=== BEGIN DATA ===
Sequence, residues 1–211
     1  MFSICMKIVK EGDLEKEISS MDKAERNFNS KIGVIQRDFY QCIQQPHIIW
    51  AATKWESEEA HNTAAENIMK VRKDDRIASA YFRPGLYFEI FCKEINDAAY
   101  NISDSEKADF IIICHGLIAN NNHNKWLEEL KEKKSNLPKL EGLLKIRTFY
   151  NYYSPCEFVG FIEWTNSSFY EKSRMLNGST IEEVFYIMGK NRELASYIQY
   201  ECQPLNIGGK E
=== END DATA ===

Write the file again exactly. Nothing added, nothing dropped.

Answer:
Sequence, residues 1–211
     1  MFSICMKIVK EGDLEKEISS MDKAERNFNS KIGVIQRDFY QCIQQPHIIW
    51  AATKWESEEA HNTAAENIMK VRKDDRIASA YFRPGLYFEI FCKEINDAAY
   101  NISDSEKADF IIICHGLIAN NNHNKWLEEL KEKKSNLPKL EGLLKIRTFY
   151  NYYSPCEFVG FIEWTNSSFY EKSRMLNGST IEEVFYIMGK NRELASYIQY
   201  ECQPLNIGGK E